Partnership Agreement – why you’d be wise to consider one.
Businesses come in all shapes and sizes. Whether you are a family of farmers, a car garage or in the professional services industry, there is a good chance you will be operating as a “Partnership”. A “Partnership” is a relationship between two or more people carrying on a business in common with a view of profit. This type of business is distinct from a sole trader or limited company and there are default rules that apply to businesses operating as a partnership.
There is also common view, particularly among family partnerships, that the Partners of the business are close knit and shall be able to agree matters between themselves. However, people may change, people may move on and sadly people pass away. Many Partnerships overlook the need for a bespoke Partnership Agreement to regulate the terms and conditions of the business.
Without a bespoke Partnership Agreement for your partnership, your business is relying on the default rules of the Partnership Act 1890. These default rules are not always suitable for every business. For example, the Act provides that:
- The partners cannot decide to “expel” a partner for any wrongdoing;
- All partners share equally in the capital, profits and losses of the business;
- Any property brought into the partnership for the purposes of the business will be “Partnership Property”; and
- The partnership automatically dissolves upon the death of any one partner or by notice of any one partner.
These default rules can be detrimental to the business. What if the rest of the partners want to remove a partner from the business? What if a partner intends on the family home to remain their own asset but it is used in the business? What if the business is profitable and the partners want to carry on following the death of one of the partners? What if the partners want to share the profits in different proportions?
A Partnership Agreement can help answer these questions and create bespoke rules specific to the needs of your business, creating clarity from the outset and limiting the need for a lawyer later down the line.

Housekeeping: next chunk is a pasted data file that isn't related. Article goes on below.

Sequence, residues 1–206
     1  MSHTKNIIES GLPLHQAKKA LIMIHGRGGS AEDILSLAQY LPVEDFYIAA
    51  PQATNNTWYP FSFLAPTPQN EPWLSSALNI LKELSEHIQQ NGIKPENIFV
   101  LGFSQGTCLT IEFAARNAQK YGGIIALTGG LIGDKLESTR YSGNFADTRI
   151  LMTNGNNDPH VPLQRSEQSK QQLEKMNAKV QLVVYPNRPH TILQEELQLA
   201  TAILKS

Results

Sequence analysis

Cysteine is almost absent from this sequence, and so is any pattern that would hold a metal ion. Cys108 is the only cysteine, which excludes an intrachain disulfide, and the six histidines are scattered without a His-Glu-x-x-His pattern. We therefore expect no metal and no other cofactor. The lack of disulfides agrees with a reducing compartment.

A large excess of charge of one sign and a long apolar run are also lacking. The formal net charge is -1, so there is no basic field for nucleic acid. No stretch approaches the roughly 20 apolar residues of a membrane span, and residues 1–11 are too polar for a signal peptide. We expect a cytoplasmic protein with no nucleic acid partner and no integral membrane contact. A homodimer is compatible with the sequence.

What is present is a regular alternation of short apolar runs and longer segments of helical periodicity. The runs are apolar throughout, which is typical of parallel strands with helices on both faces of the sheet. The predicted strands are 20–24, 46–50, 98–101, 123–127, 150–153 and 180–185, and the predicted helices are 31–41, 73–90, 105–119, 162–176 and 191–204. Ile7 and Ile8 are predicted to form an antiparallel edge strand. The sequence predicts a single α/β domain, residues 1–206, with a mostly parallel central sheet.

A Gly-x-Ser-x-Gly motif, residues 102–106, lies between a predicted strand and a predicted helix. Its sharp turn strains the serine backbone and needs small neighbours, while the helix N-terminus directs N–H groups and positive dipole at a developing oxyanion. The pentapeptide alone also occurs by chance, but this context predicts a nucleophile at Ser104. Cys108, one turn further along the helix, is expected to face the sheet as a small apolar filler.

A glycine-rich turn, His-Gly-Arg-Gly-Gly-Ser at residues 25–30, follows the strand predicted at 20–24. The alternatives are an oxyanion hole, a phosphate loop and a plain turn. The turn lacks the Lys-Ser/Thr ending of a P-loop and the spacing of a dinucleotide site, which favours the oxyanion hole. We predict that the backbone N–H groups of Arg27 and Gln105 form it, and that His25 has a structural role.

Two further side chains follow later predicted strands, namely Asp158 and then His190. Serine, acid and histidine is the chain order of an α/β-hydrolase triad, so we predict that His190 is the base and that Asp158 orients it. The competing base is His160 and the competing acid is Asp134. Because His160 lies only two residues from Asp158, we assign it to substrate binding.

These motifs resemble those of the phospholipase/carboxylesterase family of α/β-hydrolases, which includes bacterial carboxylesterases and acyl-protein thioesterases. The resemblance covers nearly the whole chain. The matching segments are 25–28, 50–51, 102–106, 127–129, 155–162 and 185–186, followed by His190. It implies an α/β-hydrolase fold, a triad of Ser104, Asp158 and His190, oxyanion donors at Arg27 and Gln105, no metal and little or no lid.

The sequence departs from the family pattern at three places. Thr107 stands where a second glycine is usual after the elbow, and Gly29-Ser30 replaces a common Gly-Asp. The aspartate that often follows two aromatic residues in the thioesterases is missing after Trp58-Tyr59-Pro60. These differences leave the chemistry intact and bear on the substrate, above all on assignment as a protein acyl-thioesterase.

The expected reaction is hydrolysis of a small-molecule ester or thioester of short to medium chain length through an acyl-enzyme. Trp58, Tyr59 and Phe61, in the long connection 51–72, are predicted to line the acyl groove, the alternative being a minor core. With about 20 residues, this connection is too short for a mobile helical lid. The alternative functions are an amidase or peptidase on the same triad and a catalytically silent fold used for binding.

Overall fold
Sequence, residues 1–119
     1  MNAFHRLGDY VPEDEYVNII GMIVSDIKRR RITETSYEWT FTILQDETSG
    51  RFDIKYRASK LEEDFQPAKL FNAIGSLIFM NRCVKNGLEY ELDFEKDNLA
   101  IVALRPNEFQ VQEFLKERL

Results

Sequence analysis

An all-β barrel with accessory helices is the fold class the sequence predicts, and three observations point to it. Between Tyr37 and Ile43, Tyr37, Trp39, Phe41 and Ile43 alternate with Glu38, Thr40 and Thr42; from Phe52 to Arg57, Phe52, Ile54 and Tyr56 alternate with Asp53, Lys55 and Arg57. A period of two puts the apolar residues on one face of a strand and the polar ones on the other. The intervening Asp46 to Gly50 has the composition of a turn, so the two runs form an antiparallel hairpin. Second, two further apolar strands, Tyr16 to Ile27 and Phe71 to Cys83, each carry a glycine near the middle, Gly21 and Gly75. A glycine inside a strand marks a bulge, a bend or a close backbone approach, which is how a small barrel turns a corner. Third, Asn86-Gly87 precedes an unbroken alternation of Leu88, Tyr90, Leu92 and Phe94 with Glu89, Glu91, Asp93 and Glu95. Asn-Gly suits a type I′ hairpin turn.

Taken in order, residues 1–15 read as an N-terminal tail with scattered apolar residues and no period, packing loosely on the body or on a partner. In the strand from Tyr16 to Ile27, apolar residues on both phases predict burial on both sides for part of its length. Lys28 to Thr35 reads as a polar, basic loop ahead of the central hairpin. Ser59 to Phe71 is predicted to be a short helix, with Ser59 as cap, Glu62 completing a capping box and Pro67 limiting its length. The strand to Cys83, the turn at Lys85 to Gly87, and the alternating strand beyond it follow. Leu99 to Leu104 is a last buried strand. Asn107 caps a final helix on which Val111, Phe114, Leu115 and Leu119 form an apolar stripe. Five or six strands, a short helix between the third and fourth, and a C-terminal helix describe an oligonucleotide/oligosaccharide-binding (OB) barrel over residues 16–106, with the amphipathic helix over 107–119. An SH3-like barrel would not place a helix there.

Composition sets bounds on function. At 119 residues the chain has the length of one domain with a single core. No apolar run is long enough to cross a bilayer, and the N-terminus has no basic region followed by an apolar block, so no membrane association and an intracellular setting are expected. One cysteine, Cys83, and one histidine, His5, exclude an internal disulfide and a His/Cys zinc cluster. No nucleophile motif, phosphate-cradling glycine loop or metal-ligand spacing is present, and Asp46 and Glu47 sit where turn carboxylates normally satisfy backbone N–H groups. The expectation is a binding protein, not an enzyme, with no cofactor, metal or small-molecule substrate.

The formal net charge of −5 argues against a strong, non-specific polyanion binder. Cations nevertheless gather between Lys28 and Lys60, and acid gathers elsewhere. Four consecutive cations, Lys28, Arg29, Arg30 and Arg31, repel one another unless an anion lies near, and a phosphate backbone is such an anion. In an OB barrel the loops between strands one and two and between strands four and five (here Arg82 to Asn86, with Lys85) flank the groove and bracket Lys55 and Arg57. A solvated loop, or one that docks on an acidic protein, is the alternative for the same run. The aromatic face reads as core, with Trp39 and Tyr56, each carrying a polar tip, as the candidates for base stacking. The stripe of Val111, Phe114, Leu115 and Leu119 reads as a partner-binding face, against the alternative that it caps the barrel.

Some of the points that a Partnership Agreement can deal with are:
- How each partner is expected to contribute to the capital of the business.
- The proportions which each partner may share the profits and losses of the business.
- How much time, effort and responsibility each partner is expected to contribute.
- Which property is, and which property is not, the property of the partnership (which can be particularly important for claiming Business Property Relief following the death of a partner).
- How meetings are held and how often.
- The rules which a partner may be removed by a majority of the partners.
- The rules if a new person wants to join the partnership.
- What happens if one of the partners retires, dies or resigns from the business.
- Whether there are any restrictions on an outgoing partner when the leave (such as not to compete with the business).
Clarity is key and therefore having a Partnership Agreement is worth the initial expense to hopefully save time, costs and effort later down the line. When questions are raised, the Partnership Act 1890 often provides an answer which is simply not suitable. Why not get ahead and put a framework in place to deal with issues now and in the future?
If you require a Partnership Agreement or have any questions about your business in general, please do not hesitate to get in touch with our Corporate Department on 01224 332300 or start a conversation with us at: https://www.raeburns.co.uk/services/commercial-law/corporate-business-law/